Speaking to animals: Japan and the welfare of companion animals
journal contributionposted on 2016-05-26, 00:00 authored by Cassandra AthertonCassandra Atherton, G Moore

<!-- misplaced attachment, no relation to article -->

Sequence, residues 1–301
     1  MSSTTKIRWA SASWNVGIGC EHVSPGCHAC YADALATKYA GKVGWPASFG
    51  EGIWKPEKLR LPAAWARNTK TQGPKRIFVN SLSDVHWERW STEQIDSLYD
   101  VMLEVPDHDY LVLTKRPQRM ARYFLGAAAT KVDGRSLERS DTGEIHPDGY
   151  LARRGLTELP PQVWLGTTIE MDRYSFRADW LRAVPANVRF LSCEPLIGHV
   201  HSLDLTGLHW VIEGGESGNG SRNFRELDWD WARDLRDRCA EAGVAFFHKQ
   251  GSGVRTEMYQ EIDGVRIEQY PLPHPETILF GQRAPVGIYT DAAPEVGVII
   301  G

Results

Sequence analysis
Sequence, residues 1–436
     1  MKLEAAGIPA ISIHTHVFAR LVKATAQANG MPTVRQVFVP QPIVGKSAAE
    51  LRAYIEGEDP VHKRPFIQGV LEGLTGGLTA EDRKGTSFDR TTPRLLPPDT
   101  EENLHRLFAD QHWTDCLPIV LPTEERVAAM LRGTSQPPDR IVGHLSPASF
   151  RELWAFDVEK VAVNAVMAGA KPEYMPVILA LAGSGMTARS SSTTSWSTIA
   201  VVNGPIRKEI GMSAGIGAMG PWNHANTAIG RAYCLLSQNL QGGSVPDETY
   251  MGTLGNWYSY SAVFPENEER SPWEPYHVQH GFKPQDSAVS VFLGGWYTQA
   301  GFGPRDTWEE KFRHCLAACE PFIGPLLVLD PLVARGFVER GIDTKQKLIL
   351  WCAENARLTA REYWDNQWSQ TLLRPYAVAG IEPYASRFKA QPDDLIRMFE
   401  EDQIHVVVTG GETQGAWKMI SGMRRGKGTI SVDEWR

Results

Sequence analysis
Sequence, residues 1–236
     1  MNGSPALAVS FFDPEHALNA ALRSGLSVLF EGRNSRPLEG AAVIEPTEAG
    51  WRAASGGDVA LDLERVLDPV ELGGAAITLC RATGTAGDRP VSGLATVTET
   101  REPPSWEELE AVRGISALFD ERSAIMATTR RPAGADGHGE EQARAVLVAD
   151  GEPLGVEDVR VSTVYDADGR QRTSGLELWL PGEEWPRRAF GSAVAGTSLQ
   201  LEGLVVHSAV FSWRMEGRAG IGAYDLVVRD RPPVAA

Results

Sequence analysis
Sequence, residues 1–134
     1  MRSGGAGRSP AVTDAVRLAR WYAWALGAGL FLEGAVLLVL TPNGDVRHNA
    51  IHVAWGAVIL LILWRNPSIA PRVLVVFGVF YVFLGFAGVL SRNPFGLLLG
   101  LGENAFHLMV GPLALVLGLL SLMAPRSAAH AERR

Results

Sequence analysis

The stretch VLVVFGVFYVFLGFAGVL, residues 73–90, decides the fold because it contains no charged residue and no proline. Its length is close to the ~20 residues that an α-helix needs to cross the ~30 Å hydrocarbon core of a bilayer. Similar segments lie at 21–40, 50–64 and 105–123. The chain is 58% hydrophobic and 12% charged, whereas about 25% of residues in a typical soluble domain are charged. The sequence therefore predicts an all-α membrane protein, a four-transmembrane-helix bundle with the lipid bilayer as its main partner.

This paper examines the phenomenal popularity of companion animals in Japan, and the way many of these pets are treated as part of the owner’s family. Indeed, some pets are treated as if they are human children. This pet phenomenon was made possible because the Japanese developed a way of seeing their companion animals in anthropomorphic terms, more similar than different to humans. First, this paper describes how this notion has its roots in the Japanese receptivity to the idea that humans and animals can communicate with one another, and the folkloric belief that animals can assume human form and speak. Second, the article details how these ideas and beliefs were consistent with both major Japanese religions, and were sustained in the 20th century by literature and, most recently, anthropomorphic characters in anime and advertising. Finally, the paper argues that there is an anthropomorphic paradox in Japan, whereby the identification of companion animals as possessing human qualities leads to the mistreatment of animals rather than an ethically superior response to animal welfare. While animals benefit materially from being thought of in human terms, being well fed and given the best veterinary care, paradoxically, they can lead miserable lives. Being wheeled in baby strollers and being dressed in designer clothes means that pets have their instincts curbed, and raises questions about the ethics of animal ownership.